German film agency okays ‘anti-Semitic’ Turkish film

On Holocaust Remembrance Day Turkish film "Kurtlar Vadisi: Filistin (Valley of the Wolves: Palestine)" given green light.

By BENJAMIN WEINTHAL JERUSALEM POST CORRESPONDENT
January 28, 2011 05:25
2 minute read.
Valley of the wolves

Valley of the wolves film 311. (photo credit: Courtesy)

 
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BERLIN – Germany’s FSK (Voluntary Self-Regulation of the Movie Industry) agency green-lighted on Thursday – International Holocaust Remembrance Day – the showing of the anti-Israel and reportedly anti-Semitic Turkish film Kurtlar Vadisi: Filistin (Valley of the Wolves: Palestine).

According to a spokeswoman of the Pera film distribution company in Cologne, it can be shown immediately in Germany.

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As of press time it was unclear whether German theaters would actually show the film on Thursday.

Austrian cinemas did show show it on Thursday.

FSK issued a statement on Thursday saying that children under the age of 18 are not permitted to see the film.

According to the statement, Valley of the Wolves contains “propaganda tendencies” and “repetitive violence.”



The film cost $10 million to make, making it the most expensive in Turkish cinematic history.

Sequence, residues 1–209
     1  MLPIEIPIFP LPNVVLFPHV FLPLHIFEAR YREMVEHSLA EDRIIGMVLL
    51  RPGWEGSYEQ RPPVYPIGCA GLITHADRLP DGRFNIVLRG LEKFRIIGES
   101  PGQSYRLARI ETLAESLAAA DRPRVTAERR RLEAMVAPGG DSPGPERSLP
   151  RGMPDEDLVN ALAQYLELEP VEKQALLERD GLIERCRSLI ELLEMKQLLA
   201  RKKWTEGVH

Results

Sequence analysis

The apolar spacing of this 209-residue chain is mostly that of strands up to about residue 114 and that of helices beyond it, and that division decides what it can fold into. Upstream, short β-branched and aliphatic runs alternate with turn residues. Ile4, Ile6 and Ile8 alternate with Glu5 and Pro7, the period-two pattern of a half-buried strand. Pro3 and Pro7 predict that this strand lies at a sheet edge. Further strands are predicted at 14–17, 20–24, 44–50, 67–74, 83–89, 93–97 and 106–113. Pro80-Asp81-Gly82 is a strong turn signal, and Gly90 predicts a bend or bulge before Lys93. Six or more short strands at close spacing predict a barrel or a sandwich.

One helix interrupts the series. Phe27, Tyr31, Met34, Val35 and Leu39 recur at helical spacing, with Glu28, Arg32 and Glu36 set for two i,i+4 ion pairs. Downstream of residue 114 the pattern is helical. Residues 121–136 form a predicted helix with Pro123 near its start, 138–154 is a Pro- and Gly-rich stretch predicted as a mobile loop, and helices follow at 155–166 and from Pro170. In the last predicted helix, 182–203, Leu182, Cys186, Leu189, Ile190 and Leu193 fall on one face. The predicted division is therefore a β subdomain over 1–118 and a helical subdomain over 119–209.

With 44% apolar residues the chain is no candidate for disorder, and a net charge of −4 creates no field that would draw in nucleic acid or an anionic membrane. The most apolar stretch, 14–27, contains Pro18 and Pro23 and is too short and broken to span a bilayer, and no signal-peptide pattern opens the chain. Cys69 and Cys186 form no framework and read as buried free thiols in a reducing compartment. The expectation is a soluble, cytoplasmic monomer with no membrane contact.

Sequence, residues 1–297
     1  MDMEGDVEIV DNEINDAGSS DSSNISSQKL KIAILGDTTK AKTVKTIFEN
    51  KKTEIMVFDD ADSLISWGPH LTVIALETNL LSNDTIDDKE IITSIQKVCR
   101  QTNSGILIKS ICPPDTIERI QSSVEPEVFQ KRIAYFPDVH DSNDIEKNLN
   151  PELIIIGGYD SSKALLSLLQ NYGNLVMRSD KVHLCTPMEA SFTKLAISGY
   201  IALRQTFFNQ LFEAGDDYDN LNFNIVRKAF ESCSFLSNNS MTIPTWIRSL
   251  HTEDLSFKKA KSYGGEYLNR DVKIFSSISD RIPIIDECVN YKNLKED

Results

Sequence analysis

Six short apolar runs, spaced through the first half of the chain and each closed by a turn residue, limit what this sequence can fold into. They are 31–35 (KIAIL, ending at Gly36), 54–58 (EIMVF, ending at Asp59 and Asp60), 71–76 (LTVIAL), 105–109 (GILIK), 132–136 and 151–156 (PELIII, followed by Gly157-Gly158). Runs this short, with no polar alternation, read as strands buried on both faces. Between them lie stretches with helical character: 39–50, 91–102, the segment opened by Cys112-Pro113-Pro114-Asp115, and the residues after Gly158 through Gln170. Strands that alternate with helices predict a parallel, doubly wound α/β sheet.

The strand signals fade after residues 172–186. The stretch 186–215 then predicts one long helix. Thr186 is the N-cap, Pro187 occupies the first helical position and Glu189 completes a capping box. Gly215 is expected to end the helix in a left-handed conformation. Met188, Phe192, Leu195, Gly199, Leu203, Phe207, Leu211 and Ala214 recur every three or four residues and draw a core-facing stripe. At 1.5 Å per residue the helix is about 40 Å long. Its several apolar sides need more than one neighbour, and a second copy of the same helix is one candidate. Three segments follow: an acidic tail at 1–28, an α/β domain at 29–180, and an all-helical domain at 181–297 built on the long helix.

The movie, the second part of Valley of the Wolves media franchise, recreates IDF commandos’ interception of the Mavi Marmara protest ship to Gaza in May 2010, which resulted in the deaths of nine Turkish men.

Critics of the film say that Valley of the Wolves glorifies Hamas and the Turkish IHH organization that dispatched the ship.

Maya Zehden, spokeswoman for the 12,000-member Berlin Jewish community, told The Jerusalem Post on Thursday that the film is “agitational” and “is not good” for Jewish-Turkish relations in Germany or for Israel- Turkey relations.

The film denies Israel’s right to exist. Critics in Germany and Israel have slammed it for fanning the flames of contemporary anti-Semitism.

At the outset of the film, Polat Alemdar – the main character in Valley of the Wolves – announces, “I didn’t come to Israel, I came to Palestine.”

More than 3 million German Turks live in the Federal Republic.

The registered Jewish community membership totals 105,000.

Politicians from the Green Party and the Christian Social Union criticized the film this week.

Philipp Missfelder, a member of the ruling Christian Democratic Party, said it disrespects victims of the Holocaust, and Jerzy Montag of the Green Party called the movie “irresponsible.”

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